Another useful function from stdlib is with(). Available on any type, it takes 2 parameters: the first is the receiver, the second a transforming function and calls the later on the former.

    Combining those with some of the above features can improve the code a lot:

     fun findById(id: Long): Task {
        fun toTask(cursor: Cursor): Task {
            with(cursor) {
                val name = getString(1)
                val description = getString(2)
                val imagePath = getString(3)
                return Task(name, description).apply {
                    if (!isNull(4)) {
                        val date = getLong(4)
                        val alarm = Date(date)
                        this.alarm = alarm
                    this.id = id
                    imagePath?.let { this.imagePath = Uri.parse(it) }
        return readableDatabase.rawQuery(
                "SELECT A_LOT FROM TABLE",
                arrayOf(id.toString())).let { toTask(it) }


    Learning a new programming language is easy: many books promise to do that in 21 days. The hard part is how to write idiomatic code in that new language. This is a long and arduous journey, that needs a lot of reading such idiomatic code, writing “bad” code yourself and improving it over the course of many iterations.

    Categories: Development Tags: androidkotlin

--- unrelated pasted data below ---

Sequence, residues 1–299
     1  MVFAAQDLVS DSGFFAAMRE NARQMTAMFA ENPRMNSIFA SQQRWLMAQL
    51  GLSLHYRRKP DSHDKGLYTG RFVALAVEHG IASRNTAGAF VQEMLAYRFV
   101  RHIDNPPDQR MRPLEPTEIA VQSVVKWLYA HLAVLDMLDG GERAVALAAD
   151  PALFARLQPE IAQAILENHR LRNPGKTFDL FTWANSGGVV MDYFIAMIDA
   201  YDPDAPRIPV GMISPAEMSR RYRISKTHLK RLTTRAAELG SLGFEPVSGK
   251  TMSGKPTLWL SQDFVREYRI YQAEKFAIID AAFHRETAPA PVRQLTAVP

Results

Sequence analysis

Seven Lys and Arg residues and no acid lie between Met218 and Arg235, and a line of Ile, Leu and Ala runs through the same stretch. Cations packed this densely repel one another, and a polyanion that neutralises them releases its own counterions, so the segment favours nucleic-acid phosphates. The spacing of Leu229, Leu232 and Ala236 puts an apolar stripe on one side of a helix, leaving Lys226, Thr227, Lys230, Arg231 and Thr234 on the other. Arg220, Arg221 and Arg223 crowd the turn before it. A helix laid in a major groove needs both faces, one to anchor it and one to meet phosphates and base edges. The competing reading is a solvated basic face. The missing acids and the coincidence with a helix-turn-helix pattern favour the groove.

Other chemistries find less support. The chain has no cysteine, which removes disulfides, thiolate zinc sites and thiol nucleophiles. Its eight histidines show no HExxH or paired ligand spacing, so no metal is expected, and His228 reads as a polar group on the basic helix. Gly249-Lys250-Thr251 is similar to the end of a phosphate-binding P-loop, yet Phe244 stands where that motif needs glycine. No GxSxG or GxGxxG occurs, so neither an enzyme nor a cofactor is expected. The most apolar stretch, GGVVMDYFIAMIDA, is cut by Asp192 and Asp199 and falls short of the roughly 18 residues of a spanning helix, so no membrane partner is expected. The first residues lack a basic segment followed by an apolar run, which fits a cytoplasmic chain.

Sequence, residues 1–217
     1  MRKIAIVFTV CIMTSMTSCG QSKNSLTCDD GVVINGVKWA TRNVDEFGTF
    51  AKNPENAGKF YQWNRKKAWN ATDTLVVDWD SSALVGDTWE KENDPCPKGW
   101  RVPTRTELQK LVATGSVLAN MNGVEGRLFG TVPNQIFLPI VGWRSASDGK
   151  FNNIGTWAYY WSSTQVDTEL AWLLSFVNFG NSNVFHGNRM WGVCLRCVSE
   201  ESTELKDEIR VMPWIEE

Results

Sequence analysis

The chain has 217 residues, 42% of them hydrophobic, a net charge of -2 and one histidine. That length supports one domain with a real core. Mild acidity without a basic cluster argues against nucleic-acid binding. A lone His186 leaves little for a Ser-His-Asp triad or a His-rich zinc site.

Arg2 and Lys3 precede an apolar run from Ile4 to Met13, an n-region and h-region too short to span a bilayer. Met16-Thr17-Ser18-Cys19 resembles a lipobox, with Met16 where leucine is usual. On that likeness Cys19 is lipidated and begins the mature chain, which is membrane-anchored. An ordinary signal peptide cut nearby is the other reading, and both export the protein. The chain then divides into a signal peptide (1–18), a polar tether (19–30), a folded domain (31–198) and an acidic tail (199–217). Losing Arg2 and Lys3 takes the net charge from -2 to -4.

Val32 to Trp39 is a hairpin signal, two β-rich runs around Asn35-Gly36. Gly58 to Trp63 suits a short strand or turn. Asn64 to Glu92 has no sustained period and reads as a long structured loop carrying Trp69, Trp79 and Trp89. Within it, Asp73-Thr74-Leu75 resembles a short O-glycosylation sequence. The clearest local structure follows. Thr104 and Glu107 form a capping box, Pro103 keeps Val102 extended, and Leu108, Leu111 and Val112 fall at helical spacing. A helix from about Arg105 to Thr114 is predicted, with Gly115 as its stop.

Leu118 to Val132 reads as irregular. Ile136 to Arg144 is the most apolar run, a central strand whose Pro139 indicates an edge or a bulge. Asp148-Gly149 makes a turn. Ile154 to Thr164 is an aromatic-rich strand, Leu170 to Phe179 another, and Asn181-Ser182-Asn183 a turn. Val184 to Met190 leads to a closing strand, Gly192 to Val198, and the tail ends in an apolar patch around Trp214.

• Maze-walking algorithm

    Last week, a colleague pointed out to my team an online developer recruitment challenge. As I find it fun and there was no need to disclose one’s email, I decided to try, just to check if I could to it.

    The problem is quite simple but not easy: consider a rectangular maze of finite size. One has to find a specific cell on the board - the exit, starting from the origin. One has 2 move options: one cell at a time in one of the 4 cardinal points or jumping to any previously visited cell. Of course, it wouldn’t be a maze if there was no obstacle: each cell provides information on the 4 adjacent cells, whether it’s unvisited, blocked by a wall or already explored. There’s one final constraint: each maze is alive for a finite amount of time. If the end cell is not reached after the timeout, it’s a failure.

    After reading the page dedicated on maze solving algorithms on Wikipedia, I decided to implement the wall follower. It’s very simple, basically, you always follow the left (or right) wall.

    My first implementation did just that. The problem with this solution is once a dead end has been reached - a cell with one visited direction and all other blocked, one has to move back again cell by cell. This implementation always failed because of the timeout.

    I tried to be smarter for my second try. Instead of going back cell by cell, I thought about jumping to the last cell which offered a choice between at least 2 unexplored adjacent cells. In order to do that, I put such cells on a stack when I moved in one. When in a dead end, I just need to pop the top cell on the stack and jump to it in one single move. It’s queried again and updated as one less direction is considered unexplored and the process continues.